Four variants followed in 1976, 1979, 1982 and 1985 respectively: The 1976-1979 logo had the pale blue parts in a slightly greener shade, yet the mountain peak was still the short one (although in the 1979-1982 version, the registered mark was missing); while the 1982-1985 version was largely borrowed from the second phase of the 1975 movie version -- which was why after the word "Television" shot in, it overlapped the movie mountain peak. This variant was seen (for one) at the end of the 1983 made-for-TV movie production of The Winds of War, and in such sitcoms like Cheers and Webster.

The third and final variant for 1985-1987, though digitized, is similar to the original 1975 TV logo except for the use of two freeze frames. One of these occurs before the word "Television" moves into place, and a second one is used following this animation. This logo/jingle combo lasted until late 1987, when Paramount unveiled a computer-generated imagery version of the mountain set against a purple sky (which looks to have been shot at late sunset) and had a new Star Wars-inspired six-note horn-driven jingle, written by Richard Krizman (who also wrote the music to the Paramount Home Video logo jingle from that timeframe, which of course bears some resemblance to the TV logo jingle).

Logo Timeline

  • Mountain Logo (I) - Blue background with black mountain and white Paramount Television circle logo, with 1968 copyright notice and bylines 'A Gulf + Western Company' (positioned at bottommost inside mountain, above copyright) and 'Paramount Pictures (Corporation)' (below copyright) in their familiar logo fonts. (January-August 1968)
  • Split Box Logo (1968-1975)
    • Yellow background with PARAMOUNT TELEVISION and byline A DIVISION OF PARAMOUNT PICTURES (CORPORATION) in the left rectangular part of the blue foreground. The Paramount mountain logo is also on a blue foreground, with the corporate circle logo in pale blue with a white mountain, with the byline 'A Gulf + Western Company' again on a single line. The 1968 or 1969 copyright notice is at the bottommost in the mountain as before, with its above byline. (1968-1969)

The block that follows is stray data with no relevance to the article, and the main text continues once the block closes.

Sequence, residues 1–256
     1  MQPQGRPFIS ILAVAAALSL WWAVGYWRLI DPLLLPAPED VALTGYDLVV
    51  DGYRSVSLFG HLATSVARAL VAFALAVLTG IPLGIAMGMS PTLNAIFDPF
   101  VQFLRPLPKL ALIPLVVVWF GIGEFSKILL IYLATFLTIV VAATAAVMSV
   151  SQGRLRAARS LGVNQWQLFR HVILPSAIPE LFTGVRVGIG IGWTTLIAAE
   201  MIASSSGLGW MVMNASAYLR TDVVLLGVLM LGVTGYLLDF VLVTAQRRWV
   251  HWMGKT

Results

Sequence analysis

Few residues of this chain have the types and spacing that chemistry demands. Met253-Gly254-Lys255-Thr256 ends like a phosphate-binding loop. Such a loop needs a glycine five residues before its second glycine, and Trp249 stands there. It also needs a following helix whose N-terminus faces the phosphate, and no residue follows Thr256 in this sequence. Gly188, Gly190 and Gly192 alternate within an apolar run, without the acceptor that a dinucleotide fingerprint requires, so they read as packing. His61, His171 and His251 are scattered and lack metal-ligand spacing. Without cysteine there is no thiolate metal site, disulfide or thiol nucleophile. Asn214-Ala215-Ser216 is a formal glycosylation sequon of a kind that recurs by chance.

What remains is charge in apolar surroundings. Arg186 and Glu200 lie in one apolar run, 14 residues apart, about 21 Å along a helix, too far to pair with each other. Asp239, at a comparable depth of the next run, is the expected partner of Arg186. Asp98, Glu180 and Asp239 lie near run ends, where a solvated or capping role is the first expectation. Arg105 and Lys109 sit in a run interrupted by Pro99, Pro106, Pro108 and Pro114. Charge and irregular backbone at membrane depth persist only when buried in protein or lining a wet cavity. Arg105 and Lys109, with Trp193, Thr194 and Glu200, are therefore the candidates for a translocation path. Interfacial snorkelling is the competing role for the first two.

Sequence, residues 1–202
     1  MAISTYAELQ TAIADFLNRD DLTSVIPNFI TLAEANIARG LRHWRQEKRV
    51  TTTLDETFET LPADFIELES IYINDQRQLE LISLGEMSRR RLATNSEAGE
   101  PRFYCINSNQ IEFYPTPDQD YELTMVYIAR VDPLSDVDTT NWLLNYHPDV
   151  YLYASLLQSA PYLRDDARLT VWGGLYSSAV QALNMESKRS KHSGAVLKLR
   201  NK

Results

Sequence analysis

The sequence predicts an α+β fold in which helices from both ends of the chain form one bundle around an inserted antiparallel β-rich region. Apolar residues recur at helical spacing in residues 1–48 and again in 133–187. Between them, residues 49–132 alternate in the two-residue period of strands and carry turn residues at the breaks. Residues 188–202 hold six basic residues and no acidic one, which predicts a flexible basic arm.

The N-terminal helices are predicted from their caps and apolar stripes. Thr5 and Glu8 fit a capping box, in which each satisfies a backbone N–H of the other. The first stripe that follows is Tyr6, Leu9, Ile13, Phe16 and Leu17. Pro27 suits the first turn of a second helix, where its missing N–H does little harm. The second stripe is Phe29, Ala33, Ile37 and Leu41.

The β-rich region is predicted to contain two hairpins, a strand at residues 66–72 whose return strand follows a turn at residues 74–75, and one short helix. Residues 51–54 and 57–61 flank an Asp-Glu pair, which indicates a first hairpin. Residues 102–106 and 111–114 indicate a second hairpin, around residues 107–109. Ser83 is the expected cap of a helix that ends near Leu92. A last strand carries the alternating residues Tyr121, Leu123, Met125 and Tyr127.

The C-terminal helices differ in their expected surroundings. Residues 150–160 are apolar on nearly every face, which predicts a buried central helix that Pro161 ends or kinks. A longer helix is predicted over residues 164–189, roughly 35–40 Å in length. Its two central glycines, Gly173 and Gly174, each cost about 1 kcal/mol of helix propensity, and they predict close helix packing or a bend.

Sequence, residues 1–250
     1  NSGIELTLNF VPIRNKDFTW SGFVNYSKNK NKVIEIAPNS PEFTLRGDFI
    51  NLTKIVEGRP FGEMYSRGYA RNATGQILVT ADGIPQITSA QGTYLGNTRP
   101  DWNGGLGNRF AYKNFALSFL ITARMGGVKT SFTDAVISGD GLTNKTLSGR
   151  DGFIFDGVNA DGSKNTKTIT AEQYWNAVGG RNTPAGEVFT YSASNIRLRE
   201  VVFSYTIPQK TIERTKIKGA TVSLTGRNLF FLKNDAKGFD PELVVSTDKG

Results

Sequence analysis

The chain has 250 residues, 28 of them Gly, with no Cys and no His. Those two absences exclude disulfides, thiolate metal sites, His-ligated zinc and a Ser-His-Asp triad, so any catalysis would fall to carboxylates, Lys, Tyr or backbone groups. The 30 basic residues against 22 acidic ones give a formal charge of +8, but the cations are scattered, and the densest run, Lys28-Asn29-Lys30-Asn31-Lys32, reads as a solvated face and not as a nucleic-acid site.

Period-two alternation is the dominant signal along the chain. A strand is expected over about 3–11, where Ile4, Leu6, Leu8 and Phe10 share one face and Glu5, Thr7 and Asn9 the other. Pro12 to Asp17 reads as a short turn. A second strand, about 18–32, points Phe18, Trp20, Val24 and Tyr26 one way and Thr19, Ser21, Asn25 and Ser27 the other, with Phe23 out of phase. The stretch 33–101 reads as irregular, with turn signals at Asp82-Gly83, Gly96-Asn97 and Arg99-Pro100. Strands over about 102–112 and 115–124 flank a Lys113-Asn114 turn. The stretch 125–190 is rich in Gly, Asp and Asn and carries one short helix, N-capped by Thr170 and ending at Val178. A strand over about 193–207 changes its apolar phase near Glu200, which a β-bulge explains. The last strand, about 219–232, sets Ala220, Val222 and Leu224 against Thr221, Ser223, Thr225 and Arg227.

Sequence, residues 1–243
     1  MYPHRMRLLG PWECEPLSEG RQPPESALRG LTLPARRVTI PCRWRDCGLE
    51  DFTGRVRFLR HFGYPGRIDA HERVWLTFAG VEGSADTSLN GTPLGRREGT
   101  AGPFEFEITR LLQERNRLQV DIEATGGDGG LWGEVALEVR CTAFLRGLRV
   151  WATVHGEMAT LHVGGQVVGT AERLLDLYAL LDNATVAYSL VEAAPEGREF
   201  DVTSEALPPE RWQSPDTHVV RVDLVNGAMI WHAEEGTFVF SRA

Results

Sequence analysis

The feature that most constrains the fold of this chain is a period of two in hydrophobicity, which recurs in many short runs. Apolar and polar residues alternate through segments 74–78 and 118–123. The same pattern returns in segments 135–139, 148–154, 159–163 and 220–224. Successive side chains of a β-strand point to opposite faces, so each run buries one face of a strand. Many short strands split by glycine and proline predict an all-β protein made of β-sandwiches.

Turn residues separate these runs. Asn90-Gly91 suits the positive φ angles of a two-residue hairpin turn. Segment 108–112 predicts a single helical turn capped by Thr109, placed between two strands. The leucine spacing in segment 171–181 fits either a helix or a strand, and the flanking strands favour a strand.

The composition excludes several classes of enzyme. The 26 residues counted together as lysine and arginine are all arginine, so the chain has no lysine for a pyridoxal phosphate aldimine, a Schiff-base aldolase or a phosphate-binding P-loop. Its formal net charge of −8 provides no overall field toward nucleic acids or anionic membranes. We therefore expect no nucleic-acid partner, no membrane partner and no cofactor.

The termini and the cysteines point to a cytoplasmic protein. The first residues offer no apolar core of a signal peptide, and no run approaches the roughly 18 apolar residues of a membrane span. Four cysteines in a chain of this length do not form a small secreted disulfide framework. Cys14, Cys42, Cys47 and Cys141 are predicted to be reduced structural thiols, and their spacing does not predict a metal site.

• Red background with PARAMOUNT TELEVISION and byline A DIVISION OF PARAMOUNT PICTURES CORPORATION in the left rectangular part of the blue foreground. The Paramount corporate mountain logo, now all blue in color, is now on a white foreground, with its above byline and position. (1969-1975)
  • Mountain Logo (II) - Pale blue background with pale blue mountain and dark blue Paramount circle logo encircled by white stars, with the byline 'A Gulf + Western Company' arranged on three lines. The word "Television" shoots in from the right. (1975-1987)
    • First version had a standard pale blue background and mountain. (1975-1976)
    • Another variant of this logo had the pale blue parts in a greener shade. (1976-1979)
    • Variant of the 1976 logo did not have the registered mark. (1979-1982)
    • Third variant of this logo was borrowed from the second phase of the 1975 movie version, which was why the word "Television" overlapped the movie mountain peak and appeared partially obscure when it shot in. (1982-1985)
    • Fourth and final 'digitized' variant of this logo begins as a still version of the original 1975 TV logo, with the Paramount name, the 22 stars and the Gulf + Western byline already in place as usual. The film rolls just long enough for the sliding in of the word "Television", and then returns to being a still image. (1985-1987)
  • Mountain Logo (III) - This non-animated CGI version was set against a sunset sky. (1987-2002)
    • Logo with byline 'A Gulf + Western Company' and '75th Anniversary' citation. (1987-1988)
    • Logo with above byline, no citation. (1988-1989)
    • Logo with byline 'A Paramount Communications Company.' The 1989-1990 version had this byline in gold, and was switched to white in late 1990. (1989-1994)
    • Logo with byline 'A Viacom Company.' The 1994-1999 version's close-up was the same as for the 1990-1994 version. The 1999-2002 version's close-up was slightly larger. (1994-2002)

Notes on Sources

  • Mordden, Ethan. The Hollywood Studios. New York: Fireside, 1989.
  • Sklar, Robert. Movie-Made America. New York: Vintage, 1989.
  • Schatz, Thomas. The Genius of the System. New York: Pantheon, 1988.
  • Evans, Robert. The Kid Stays in the Picture. New York: Hyperion Press, 1994.
  • Berg, A.Scott. Goldwyn. New York: Alfred A. Knopf, 1989.
  • Gabler, Neal. An Empire of Their Own: How the Jews Invented Hollywood. New York: Crown Publishers, 1988.
  • Lasky, Jesse L. with Don Weldon, I Blow My Own Horn. Garden City NY: Doubleday, 1957.
  • Zukor, Adolph. The Public is Always Right. New York: G.P. Putnams's, 1953.
  • DeMille, Cecil B. Autobiography. Englewood Cliffs, NJ: Prentice-Hall, 1959.

See also

External links